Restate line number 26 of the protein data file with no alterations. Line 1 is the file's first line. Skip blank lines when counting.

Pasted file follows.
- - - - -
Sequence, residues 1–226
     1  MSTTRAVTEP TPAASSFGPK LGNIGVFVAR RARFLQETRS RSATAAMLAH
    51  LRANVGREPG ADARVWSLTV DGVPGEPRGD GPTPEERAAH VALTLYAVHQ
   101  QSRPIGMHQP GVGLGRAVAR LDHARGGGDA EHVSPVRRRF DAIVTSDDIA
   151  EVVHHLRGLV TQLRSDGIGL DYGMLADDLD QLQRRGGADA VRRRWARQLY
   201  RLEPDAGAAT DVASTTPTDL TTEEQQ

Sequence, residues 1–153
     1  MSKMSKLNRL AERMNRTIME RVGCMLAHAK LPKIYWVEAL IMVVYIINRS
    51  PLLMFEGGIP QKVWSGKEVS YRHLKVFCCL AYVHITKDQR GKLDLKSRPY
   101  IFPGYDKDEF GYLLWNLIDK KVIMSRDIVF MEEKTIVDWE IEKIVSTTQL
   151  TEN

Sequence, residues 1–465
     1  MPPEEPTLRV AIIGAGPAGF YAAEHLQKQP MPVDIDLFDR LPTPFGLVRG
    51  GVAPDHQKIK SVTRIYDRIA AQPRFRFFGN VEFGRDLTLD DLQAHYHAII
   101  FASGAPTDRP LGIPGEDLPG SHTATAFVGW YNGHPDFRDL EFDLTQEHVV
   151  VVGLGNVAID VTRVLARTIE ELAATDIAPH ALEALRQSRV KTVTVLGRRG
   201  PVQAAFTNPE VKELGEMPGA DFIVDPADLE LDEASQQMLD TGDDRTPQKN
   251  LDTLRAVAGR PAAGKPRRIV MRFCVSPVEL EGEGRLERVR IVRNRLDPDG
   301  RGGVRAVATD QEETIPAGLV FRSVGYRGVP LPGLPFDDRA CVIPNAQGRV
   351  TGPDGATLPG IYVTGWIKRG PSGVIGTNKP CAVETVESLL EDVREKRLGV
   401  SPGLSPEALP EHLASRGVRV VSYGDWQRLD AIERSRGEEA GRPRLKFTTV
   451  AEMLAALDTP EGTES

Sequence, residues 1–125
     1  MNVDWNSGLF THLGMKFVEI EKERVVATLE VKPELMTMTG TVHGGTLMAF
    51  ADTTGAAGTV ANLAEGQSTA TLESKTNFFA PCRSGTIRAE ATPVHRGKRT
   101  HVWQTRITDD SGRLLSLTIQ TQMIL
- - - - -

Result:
   101  HVWQTRITDD SGRLLSLTIQ TQMIL